Brian: I've learned that the sum of our parts as musicians is stronger than any one person's creative vision. Bands are cool because they sound like bands. They're not cool when it sounds like some guy wrote a bunch of songs then was like, "Yo, dude, play the guitar part that I can play and already did on our record." Having an actual organic creativity happen between people is the essence of being a collaborative ensemble. There's also times where I think we have to balance those trade-offs a little bit. There's times where I need to be like, "Okay, we can't do this," or times where I don't exert that kind of control. It's cool when I come to practice and I have an idea for a song and play a demo, and Charles is like, "No, this is the bass line." It kind of throws me for a loop, learning those things and learning to do a collaborative band sustainably over time. Some bands end up fighting, but we're just pretty into it.

Max: We're all good friends, which most of the time helps. One of the things I had to come to grips with is that you're not going to make everybody happy all the time. Some people aren't going to like your music and that's part of the deal. If you're going to be a creative person who is putting stuff out and sharing something with the world, you have to be prepared for people who are going to not like what you're doing, not understand what you're doing, talk shit about you, generally just insult or demean whatever endeavor that you're working on. That's okay. That's part of the deal. But it's hard, because you work so hard on something and you put everything you've got into it, and someone is like... The one that just came to mind was that somebody tweeted at one of our shows, "Sounded like the '80s took a dump on Carroll," which apart from just being funny content, it sure sounds like an insult even though I'm not really sure I get it. You have to take that in stride.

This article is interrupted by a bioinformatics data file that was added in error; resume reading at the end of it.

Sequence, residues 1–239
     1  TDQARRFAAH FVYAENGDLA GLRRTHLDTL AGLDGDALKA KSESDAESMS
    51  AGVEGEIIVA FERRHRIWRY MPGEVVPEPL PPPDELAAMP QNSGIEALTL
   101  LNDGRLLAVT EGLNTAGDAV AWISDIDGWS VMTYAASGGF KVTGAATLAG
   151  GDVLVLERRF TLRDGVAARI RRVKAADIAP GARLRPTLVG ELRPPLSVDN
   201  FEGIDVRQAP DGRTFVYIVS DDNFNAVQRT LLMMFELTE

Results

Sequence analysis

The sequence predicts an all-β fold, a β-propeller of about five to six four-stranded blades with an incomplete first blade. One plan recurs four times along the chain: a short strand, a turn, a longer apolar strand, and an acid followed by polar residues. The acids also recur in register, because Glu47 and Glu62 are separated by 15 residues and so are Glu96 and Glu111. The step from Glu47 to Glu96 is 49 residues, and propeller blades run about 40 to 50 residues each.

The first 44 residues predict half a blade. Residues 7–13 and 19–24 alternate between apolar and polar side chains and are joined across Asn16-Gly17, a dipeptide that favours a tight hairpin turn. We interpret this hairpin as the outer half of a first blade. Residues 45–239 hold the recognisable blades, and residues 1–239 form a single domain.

Brian: Perhaps she meant it really positively.

Max: Like, "Yeah, this is that '80s dump sound I've been waiting for!"

Brian: That shit doesn't phase me at all, but it is funny.

Max: They cared enough to say something negative.

Brian: I've learned that you don't always have to be funny onstage. You don't always have to have banter. We still miserably fail, and will continue to do that. I think when every band gets started, they're tuning, and they're like, "Hey everyone, thanks for coming to the Cause bar," and it's just like painfully awkward. I've seen some bands recently that just opt not to do it or only do it when they feel compelled and I think we're shooting for that.

You could just do what Frankie Teardrop does and say weird shit that makes people feel uncomfortable...

Max: It's nice because without having explicitly talked to Frankie about it, it's almost a shield he gets to hide behind, which is a beautiful thing. I'm actually the only person in the band when we're playing who doesn't have a microphone and I feel really lucky for that most of the time. Sometimes when somebody else in the band is making some stupid joke I'm like, "God damn it, why aren't I telling the joke?" Most of the time it's just nice to not have to necessarily like feel like in between songs you need to make a joke or you need to say something super sincere or like, be ingratiating or something. It's easier to mess up than it is to get it right every time.

Set Times: 4:10 p.m. Tree Blood 4:55 p.m. Frankie Teardrop 5:40 p.m. Carroll 6:30 p.m. Allan Kingdom 7:20 p.m. Sylvan Esso 8:35 p.m. Poliça

Carroll. With Sylvan Esso, Poliça, Allan Kingdom, Frankie Teardrop, and Tree Blood. The 2014 10 Thousand Sounds Festival, presented by Coldwell Banker Burnet, will be held between 4 p.m. and 10 p.m. on Saturday, July 26, at the parking lot on Hawthorne Avenue between North 10th and 11th Streets in downtown Minneapolis.

Tickets are $25 (general admission) / $45 (VIP). Available here. Note, VIP tickets will not be sold at the door, and GA tickets will be $30 at the door.